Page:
Conscious Choice cover

From the press release: In this ground-breaking new history of early America, historian Robert Zimmerman not only exposes the lie behind The New York Times 1619 Project that falsely claims slavery is central to the history of the United States, he also provides profound lessons about the nature of human societies, lessons important for Americans today as well as for all future settlers on Mars and elsewhere in space.

Conscious Choice: The origins of slavery in America and why it matters today and for our future in outer space, is a riveting page-turning story that documents how slavery slowly became pervasive in the southern British colonies of North America, colonies founded by a people and culture that not only did not allow slavery but in every way were hostile to the practice.  
Conscious Choice does more however. In telling the tragic history of the Virginia colony and the rise of slavery there, Zimmerman lays out the proper path for creating healthy societies in places like the Moon and Mars.


“Zimmerman’s ground-breaking history provides every future generation the basic framework for establishing new societies on other worlds. We would be wise to heed what he says.” —Robert Zubrin, founder of founder of the Mars Society.


Available everywhere for $3.99 (before discount) at Amazon, Barnes & Noble, and all ebook vendors, or direct from the ebook publisher, ebookit. And if you buy it from ebookit you don't support the big tech companies and I get a bigger cut much sooner.

Hubble goes into safe mode

Due to a software issue, the Hubble Space Telescope shifted into safe mode early yesterday and stopped doing its programmed science observations.

The engineers seem confident all will eventually be well, but we must also remember the telescope’s infrastructure (not its instruments) was built in the early 1980s and has been in space since 1990. That makes many parts of this telescope 40 years old. We are increasingly faced with the possibility of a fatal fault occurring that shuts it down for good, with no way at the present time to reach it and fix it, and with the only comparable optical space telescope in the works one being built by China to fly in formation with its space station.


My July fund-raising campaign for 2021 has now ended. Thank you all for your donations and subscriptions. While this year’s campaign was not as spectacular as last year’s, it was the second best July campaign since I began this website.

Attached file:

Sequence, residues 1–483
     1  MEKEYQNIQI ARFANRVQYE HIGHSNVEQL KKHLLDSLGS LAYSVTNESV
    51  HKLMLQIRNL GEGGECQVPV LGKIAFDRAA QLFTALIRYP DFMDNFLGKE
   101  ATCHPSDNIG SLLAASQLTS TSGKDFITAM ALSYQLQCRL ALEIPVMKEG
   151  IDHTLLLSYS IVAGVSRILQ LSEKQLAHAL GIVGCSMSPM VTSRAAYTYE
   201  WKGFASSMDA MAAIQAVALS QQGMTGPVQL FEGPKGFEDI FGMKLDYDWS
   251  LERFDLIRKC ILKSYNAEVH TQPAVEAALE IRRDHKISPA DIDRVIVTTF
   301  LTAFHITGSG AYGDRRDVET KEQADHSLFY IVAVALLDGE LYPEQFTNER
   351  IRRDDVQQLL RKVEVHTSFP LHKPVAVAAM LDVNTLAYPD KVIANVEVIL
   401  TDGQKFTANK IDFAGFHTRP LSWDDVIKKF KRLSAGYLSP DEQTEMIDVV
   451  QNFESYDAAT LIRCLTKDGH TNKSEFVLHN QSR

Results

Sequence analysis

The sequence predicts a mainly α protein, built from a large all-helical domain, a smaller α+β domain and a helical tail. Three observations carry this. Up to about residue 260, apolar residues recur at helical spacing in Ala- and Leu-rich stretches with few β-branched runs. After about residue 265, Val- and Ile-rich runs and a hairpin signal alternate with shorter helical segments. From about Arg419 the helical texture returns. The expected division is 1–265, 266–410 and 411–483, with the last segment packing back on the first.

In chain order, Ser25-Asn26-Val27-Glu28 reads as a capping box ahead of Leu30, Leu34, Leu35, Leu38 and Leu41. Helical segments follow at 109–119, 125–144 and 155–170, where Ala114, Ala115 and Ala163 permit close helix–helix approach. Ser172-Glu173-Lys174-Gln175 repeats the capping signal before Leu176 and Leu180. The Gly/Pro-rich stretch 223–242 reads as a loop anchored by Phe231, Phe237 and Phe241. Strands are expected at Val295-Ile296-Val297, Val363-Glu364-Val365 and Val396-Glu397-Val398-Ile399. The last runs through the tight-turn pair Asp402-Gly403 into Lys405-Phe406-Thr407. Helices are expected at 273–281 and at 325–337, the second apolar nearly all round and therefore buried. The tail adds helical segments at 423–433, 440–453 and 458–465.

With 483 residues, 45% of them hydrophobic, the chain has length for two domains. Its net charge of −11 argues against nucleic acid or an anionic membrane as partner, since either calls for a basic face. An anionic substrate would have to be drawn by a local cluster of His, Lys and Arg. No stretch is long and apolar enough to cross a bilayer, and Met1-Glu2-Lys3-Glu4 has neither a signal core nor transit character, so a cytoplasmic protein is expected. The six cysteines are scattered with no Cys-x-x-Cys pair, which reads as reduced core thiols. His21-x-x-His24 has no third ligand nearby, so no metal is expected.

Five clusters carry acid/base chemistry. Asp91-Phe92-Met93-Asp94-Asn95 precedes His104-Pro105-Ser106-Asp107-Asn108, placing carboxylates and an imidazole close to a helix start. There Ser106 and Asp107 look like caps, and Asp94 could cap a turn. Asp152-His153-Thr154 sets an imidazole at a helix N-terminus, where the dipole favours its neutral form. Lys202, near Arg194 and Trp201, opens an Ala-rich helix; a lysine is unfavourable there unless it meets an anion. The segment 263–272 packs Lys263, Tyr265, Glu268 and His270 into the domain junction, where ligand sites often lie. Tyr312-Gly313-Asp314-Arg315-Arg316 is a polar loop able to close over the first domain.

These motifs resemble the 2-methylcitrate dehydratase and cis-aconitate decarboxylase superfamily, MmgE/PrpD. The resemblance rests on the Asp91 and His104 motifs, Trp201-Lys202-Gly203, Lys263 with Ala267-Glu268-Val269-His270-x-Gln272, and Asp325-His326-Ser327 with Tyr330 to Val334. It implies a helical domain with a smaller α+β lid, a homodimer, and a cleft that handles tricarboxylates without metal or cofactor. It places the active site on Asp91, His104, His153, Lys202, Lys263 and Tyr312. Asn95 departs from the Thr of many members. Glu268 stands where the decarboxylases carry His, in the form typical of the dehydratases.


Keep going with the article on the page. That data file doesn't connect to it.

And if you have not yet donated or subscribed, and you think what I write here is worth your support, you can still do so. I depend on this support to remain independent and free to write what I believe, without any pressure from others. Nor do I accept advertisements, or use oppressive social media companies like Google, Twitter, and Facebook. I depend wholly on the direct support of my readers.

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If Patreon or Paypal don't work for you, you can support Behind The Black directly by sending your donation by check, payable to Robert Zimmerman, to

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  • eddie willers

    Not too bad when you consider that when it took first light, it was fuzzy as hell. I don’t know if I’ve ever been as disappointed as when they figured out is wasn’t a simple collimation problem, but an actual flaw with the primary mirror!

    That someone was smart enough to make corrective lens for the collector, and with good old Story Musgrave doing the installation, they made a silk purse out of that sow’s ear. Then we get that wonderful picture of the Eagle Nebula!

    So, well done, good and faithful servant.

  • John Fisher

    Wonder what Space X would charge for a service mission?

  • Col Beausabre

    “Wonder what Space X would charge for a service mission

    As everyone knows, if you have to ask, you can’t afford it

  • Ray Van Dune

    “SpaceX StarShip Production Planning…”

    “This is Elon…”


    “Move the ‘Chomper’ configuration up to first position in the Production flow!”

    “Yessir!! Done!”

  • Jeff Wright

    I think it was a NOVA special that had a bit on how a sliding shower fixture inspired a repair tube. This is why I wanted a side mount SLS back during the SLI days of the 9o’s. Keep the orbiters flying Buran style. Maybe capsule servicing is doable. Starship might retrieve it-but it would knock about. Falcon Heavy with an unmanned tug might shove it to ISS over time. That would save the mirror from stress. You have to baby these things.

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